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PostPosted: Mon Sep 30, 2019 3:14 am 
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kali wrote:
john12 wrote:
Kalu, I’m sorry bro but your logic makes no sense to me. Mikel contributed to 3 Wc qualifications, and 1 ANC win. He deserves his due accolades and respect not disrespect. It wasn’t mikel fault that we failed to produce prominent talent to compliment him in the middle until 2 years ago when iwobi, ndidi came on board. Anyway, the pairing of ndidi and etebo makes our team defensive solid which is why they play together


I used to be a Mikel fan but truly on close examiniation he was the most overrated player in SE after Nwankwo Kanu. He brought a slow ponderous playing style to the center of the pitch. One or two great passes per match but that was it. Mikel was overrated.

Yes Mikel contributed to 3 WC qualifications and 1 ANC win but so did the other 21 players. However, it says a lot that with Mikel never really shone in any Nigerian championship team. Indeed, Nigeria failed to qualify 3 times for the Nations Cup with Mikel as a key player. The 2013 ANC win was DESPITE Mikel. It was thanks to the feats of Emmanuel Emenike. Mikel's performance in the midfield at the World Cups was drab. In the 3 WC he participated in 2010,2014 and 2018 can anybody say that the play of the Nigerian team was exciting?

Nigeria Nations Cup
-----------------------
2008: Q Final
2010: 3rd Place
2012: Did not Qualify
2013: Won
2015: Did not Qualify
2017: Did Not Qualify

About the Etebo + Ndidi combination, defensively it is great. But attacking wise it is lacking because neither Ndidi or Etebo are great passers of the ball. I think that is why everybody is raving Joe Aribo. He brought MOVEMENT and PASSING to the midfield. So the choice is to replace Ndidi or Etebo with a CM. I like Etebo but Ndidi is better as DM to partner with Aribo or Azeez. But frankly I would switch Etebo out as a left or right wing back. Etebo can get up and down the field and is a great tackler. He would solve our defensive problems out wide.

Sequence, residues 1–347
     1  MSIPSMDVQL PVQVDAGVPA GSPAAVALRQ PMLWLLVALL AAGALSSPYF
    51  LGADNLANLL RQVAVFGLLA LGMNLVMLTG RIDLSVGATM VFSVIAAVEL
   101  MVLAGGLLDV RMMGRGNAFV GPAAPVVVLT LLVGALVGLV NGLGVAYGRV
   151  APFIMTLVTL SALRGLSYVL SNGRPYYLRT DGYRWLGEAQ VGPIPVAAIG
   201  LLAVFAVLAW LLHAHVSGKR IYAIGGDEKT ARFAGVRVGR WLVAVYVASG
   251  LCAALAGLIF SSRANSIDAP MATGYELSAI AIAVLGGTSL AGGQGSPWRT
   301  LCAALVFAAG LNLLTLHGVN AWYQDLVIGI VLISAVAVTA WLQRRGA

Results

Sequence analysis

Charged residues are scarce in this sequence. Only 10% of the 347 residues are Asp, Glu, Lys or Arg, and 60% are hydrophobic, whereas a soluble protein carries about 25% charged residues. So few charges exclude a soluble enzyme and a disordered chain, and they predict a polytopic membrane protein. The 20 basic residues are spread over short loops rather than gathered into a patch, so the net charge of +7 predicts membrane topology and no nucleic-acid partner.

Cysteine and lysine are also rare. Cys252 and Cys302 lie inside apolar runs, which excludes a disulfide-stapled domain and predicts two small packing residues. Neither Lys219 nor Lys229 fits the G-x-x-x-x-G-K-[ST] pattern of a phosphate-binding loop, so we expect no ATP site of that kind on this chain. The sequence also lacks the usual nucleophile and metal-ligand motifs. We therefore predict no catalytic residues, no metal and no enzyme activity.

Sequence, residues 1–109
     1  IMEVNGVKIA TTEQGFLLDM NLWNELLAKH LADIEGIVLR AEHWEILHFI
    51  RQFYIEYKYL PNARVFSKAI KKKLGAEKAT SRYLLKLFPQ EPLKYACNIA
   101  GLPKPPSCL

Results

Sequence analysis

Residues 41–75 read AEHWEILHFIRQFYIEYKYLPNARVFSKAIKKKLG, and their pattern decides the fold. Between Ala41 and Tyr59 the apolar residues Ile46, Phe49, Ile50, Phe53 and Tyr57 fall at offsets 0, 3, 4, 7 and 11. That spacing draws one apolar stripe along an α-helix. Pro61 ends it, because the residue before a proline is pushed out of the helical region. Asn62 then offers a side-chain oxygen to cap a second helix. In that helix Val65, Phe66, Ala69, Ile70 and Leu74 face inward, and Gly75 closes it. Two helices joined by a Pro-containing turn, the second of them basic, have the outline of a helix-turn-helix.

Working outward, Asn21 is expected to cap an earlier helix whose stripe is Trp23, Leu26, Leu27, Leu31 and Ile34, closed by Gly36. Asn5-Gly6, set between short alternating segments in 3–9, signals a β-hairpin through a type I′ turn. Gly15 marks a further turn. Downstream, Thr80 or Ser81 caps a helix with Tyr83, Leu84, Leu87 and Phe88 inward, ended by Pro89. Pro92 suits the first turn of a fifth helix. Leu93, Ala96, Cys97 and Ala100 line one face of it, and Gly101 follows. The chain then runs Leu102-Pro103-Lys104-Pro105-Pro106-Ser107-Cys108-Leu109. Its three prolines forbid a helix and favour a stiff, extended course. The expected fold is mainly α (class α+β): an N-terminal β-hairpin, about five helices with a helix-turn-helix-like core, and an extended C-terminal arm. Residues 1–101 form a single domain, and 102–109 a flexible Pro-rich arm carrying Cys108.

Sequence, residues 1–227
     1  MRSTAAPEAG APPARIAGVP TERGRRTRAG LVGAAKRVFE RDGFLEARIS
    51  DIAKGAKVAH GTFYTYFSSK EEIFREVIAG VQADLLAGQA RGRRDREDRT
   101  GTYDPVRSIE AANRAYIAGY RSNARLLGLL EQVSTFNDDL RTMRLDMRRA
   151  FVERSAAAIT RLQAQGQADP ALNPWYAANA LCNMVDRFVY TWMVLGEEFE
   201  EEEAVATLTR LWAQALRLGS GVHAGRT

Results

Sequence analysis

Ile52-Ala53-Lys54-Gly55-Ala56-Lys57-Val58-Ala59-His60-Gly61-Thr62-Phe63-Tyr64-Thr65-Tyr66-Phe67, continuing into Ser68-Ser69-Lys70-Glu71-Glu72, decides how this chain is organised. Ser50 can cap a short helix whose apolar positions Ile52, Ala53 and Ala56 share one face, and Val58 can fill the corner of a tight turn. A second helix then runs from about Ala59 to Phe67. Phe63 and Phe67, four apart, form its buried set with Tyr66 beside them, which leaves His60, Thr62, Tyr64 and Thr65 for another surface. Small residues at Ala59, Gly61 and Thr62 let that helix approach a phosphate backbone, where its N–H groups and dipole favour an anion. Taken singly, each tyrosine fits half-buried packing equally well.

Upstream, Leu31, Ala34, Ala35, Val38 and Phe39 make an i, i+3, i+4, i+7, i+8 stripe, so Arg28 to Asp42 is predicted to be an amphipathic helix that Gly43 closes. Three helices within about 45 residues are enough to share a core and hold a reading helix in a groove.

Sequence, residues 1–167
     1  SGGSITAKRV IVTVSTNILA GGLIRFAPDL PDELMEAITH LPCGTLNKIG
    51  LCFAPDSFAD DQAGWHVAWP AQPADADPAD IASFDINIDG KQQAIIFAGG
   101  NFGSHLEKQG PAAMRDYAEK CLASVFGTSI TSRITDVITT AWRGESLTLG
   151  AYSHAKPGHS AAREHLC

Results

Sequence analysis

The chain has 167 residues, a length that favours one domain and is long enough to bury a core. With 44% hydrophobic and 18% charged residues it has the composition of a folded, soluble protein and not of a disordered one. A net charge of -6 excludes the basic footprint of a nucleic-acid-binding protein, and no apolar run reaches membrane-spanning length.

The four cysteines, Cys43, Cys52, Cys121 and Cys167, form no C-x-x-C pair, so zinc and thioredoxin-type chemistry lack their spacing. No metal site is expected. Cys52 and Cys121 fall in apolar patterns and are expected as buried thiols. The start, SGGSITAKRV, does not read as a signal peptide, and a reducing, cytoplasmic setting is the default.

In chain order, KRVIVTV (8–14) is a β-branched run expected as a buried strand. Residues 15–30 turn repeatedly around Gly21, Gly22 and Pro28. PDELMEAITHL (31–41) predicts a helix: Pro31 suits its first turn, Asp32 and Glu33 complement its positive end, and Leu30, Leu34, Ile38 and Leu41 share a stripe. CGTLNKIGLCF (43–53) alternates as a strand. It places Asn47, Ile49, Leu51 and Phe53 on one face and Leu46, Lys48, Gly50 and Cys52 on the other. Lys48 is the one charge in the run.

Absolute garbage! This is the uselessest post ever on CE. :boo:

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PostPosted: Mon Sep 30, 2019 3:33 am 
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nzeogwu wrote:
We may be on to something. Bench warmers or not.
Nigeria needs to play Naija footie. Unpredictable and as Big Uche put it...Mysterious.

We do not thrive with slow midfielders. Any European team can counter that approach.

As for Taribo, Babanffida and Kanu, their debut was in 1994 before the World Cup. We played and lost to Sweden prior to the Mundial. 1-3. That was the last viewing of Wole Odegbami and Sunday Daniel.

Emma Okocha as well.

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PostPosted: Mon Sep 30, 2019 4:19 am 
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Kali once again I disagree with you. I hope you realize that Nigeria had only won ANC twice and Wc R16 once prior to Mikel Obi emergence? Basically, he matched the Golden generation in terms of Results and performance and he was also a key player. Also, the bobo has double figures assists for SE (enugu can attest) anyway, my point is that we should never denigrate legends to hail talented youngsters because as talented as these new boys are, they haven’t achieved much for SE


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PostPosted: Mon Sep 30, 2019 6:49 am 
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john12 wrote:
Kali once again I disagree with you. I hope you realize that Nigeria had only won ANC twice and Wc R16 once prior to Mikel Obi emergence? Basically, he matched the Golden generation in terms of Results and performance and he was also a key player. Also, the bobo has double figures assists for SE (enugu can attest) anyway, my point is that we should never denigrate legends to hail talented youngsters because as talented as these new boys are, they haven’t achieved much for SE
Some may be denigrating Mikel, but I certainly am not.
But I am recognizing that his playing style did not complement the successful swift transitional play the great Nigerian teams were known for. That is just an observation of fact.
It takes nothing away from his achievements.

You seem to be very reluctant to embrace change, believing our 'legends' must retain their positions until they are on zimmer frames. :lol:

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PostPosted: Mon Sep 30, 2019 7:19 am